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WILPF Sweden's Blog from Nigeria

28 May 2013

Two WILPFers from Sweden and the Democratic Republic of Congo (DRC) travelled to Nigeria, as part of WILPF Sweden’s collaboration with Sections in Nigeria, DRC, Costa Rica and Colombia. The experience proved to be interesting from many different points of view. Read WILPF Sweden’s blog from Nigeria.

To be continued… as our Swedish WILPFers will soon be in Africa again, this time to visit the DRC.

“The Twinning effect
WILPFers from Nigeria, Sweden and the DRC
WILPFers from Nigeria, Sweden and the DRC

One of the greatest benefits of being part of a world wide international organisation, such as WILPF, is the valuable experience you gain from keeping in touch with members from all corners of the world.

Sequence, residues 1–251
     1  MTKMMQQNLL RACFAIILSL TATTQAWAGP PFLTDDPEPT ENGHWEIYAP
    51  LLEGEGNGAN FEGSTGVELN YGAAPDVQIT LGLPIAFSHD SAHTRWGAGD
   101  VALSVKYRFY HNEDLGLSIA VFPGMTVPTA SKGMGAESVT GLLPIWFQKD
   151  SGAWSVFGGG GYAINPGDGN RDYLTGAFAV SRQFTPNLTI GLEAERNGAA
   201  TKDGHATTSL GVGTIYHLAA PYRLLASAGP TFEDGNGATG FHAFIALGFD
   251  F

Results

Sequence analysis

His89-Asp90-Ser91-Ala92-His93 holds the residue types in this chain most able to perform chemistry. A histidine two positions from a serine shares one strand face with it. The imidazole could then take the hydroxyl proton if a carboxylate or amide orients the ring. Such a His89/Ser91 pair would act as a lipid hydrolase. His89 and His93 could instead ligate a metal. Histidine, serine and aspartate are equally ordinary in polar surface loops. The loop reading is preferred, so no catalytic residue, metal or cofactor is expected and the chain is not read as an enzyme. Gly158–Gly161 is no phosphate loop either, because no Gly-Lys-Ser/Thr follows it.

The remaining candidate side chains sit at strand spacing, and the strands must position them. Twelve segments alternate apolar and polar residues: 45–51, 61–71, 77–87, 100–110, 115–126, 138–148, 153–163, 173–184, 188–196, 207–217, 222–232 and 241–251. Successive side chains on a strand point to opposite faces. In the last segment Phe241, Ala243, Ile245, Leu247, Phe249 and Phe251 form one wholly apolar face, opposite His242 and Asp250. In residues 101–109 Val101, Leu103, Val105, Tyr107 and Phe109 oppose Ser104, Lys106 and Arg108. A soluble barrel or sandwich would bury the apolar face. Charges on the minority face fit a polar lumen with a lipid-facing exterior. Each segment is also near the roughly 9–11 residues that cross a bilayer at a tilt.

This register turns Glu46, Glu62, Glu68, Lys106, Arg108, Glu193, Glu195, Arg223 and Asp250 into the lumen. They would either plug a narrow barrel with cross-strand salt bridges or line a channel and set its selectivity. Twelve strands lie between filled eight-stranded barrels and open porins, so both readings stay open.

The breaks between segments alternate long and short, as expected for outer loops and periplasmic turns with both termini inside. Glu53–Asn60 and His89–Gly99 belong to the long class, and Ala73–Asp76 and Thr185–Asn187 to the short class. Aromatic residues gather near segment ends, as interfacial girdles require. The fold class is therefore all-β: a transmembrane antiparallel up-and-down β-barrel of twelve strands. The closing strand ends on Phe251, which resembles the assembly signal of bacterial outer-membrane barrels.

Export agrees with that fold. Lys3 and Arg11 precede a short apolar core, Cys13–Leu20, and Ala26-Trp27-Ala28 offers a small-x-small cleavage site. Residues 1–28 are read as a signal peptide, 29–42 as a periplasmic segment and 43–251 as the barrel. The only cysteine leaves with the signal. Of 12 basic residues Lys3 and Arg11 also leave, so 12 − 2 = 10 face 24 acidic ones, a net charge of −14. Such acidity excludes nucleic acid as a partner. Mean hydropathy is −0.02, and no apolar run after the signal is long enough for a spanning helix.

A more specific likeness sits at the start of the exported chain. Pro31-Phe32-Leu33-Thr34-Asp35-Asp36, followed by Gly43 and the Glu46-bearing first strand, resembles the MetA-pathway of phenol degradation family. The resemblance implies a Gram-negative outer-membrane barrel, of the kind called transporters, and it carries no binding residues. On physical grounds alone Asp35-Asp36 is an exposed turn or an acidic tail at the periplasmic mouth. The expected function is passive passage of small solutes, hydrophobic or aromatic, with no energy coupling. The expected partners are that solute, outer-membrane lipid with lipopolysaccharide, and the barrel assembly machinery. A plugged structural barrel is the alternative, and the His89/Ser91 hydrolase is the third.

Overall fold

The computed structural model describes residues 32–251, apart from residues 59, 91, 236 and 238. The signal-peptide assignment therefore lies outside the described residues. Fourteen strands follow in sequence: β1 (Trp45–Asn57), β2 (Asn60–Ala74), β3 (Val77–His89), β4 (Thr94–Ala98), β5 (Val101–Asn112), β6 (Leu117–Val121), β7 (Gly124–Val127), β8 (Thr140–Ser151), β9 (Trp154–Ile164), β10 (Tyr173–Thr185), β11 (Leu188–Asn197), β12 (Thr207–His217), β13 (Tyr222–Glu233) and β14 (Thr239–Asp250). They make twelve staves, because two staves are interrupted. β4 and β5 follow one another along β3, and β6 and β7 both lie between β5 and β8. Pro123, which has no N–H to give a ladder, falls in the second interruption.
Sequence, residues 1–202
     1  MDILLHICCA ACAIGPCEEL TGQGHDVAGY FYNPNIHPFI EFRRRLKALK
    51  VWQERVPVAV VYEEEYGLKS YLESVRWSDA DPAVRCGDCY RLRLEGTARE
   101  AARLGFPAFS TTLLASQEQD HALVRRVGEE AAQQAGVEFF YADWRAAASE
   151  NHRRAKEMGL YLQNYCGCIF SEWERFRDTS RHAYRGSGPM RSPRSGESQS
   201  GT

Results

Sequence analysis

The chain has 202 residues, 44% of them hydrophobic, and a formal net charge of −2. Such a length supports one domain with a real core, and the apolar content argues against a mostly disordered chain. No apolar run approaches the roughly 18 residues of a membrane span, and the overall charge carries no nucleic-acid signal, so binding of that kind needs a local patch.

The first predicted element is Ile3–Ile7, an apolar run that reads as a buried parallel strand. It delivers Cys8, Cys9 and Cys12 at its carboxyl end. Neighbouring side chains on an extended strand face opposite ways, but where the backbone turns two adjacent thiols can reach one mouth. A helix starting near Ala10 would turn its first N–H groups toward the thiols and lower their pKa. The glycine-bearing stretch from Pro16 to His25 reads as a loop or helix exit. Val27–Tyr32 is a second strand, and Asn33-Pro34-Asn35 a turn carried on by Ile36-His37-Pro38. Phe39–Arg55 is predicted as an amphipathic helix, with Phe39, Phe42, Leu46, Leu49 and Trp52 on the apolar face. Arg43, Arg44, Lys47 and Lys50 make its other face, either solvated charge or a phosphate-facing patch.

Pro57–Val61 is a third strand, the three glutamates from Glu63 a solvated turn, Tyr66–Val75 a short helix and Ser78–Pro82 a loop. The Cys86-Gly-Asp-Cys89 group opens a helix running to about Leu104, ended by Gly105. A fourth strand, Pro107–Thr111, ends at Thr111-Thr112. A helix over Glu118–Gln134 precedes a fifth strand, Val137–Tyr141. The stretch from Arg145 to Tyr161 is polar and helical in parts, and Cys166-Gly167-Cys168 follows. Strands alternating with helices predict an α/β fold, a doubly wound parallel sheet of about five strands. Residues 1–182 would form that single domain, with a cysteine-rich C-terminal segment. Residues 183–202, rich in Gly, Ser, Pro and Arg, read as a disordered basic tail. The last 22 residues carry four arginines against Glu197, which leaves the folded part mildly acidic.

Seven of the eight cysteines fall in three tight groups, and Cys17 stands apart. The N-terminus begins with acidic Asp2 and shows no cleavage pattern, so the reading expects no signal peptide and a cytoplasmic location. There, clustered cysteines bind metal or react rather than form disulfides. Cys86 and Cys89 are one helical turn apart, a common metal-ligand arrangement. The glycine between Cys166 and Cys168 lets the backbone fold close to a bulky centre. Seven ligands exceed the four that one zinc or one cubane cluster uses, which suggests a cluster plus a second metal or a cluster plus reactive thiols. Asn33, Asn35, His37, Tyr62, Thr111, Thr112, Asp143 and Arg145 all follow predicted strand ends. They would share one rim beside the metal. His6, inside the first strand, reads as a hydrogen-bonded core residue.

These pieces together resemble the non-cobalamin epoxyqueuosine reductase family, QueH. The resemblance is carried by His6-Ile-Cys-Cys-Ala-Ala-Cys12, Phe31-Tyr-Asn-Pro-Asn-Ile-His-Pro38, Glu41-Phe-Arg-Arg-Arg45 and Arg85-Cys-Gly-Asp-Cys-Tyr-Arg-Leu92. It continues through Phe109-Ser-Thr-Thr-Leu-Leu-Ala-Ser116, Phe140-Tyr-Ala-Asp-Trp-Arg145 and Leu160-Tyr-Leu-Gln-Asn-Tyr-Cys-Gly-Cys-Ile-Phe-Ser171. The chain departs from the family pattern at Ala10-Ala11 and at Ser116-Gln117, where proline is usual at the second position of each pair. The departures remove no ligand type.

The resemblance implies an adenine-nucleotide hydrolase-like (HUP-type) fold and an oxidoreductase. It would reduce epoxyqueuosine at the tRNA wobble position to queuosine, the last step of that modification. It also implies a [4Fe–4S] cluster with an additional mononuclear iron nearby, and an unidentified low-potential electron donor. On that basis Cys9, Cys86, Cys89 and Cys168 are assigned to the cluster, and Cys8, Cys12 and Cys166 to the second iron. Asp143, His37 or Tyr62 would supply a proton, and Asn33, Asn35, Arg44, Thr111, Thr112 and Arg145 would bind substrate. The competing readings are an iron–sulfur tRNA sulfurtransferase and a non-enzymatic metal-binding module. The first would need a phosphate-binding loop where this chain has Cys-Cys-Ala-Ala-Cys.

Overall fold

Today, WILPF has Sections in close to 40 countries and the number of Sections is steadily growing. Every four year, WILPF holds its international Congress, during which emerging WILPF groups can be voted in and elected as official WILPF Sections. At the last Congress in Costa Rica, in 2011, as many as five new Sections were elected: Democratic Republic of Congo (DRC), Nigeria, Mexico, Spain and Pakistan.

Even though all WILPF Sections mainly work with a local and national focus, transforming the global WILPF’s vision into their country’s specific context and needs, the urge to work across country boarders has increased with time.

Many times, due to the rapid globalisation, it’s becoming more and more important to connect the dots, to acknowledge how actions and events in one part of the world can cause an affect in the opposite part of the world.
Sweden, for example, is the world’s third largest weapon exporter per capita. The Swedish Section, therefore, puts pressure on the Government questioning Sweden’s contribution to the global arms race. Using information from our sister Sections, who live in contexts where arms are a security threat, facilitates our national advocacy work.

WILPF Sweden and DRC in Nigeria